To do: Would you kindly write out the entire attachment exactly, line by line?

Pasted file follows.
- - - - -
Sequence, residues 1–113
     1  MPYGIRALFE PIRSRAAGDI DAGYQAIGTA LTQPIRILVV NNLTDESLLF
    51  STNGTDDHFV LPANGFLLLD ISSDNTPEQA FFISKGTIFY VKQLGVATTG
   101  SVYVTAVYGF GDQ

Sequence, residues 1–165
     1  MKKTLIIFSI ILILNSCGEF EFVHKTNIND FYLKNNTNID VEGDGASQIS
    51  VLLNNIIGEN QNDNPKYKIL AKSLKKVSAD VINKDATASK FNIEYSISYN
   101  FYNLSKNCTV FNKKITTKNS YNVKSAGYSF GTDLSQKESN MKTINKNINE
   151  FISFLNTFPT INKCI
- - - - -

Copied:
Sequence, residues 1–113
     1  MPYGIRALFE PIRSRAAGDI DAGYQAIGTA LTQPIRILVV NNLTDESLLF
    51  STNGTDDHFV LPANGFLLLD ISSDNTPEQA FFISKGTIFY VKQLGVATTG
   101  SVYVTAVYGF GDQ

Sequence, residues 1–165
     1  MKKTLIIFSI ILILNSCGEF EFVHKTNIND FYLKNNTNID VEGDGASQIS
    51  VLLNNIIGEN QNDNPKYKIL AKSLKKVSAD VINKDATASK FNIEYSISYN
   101  FYNLSKNCTV FNKKITTKNS YNVKSAGYSF GTDLSQKESN MKTINKNINE
   151  FISFLNTFPT INKCI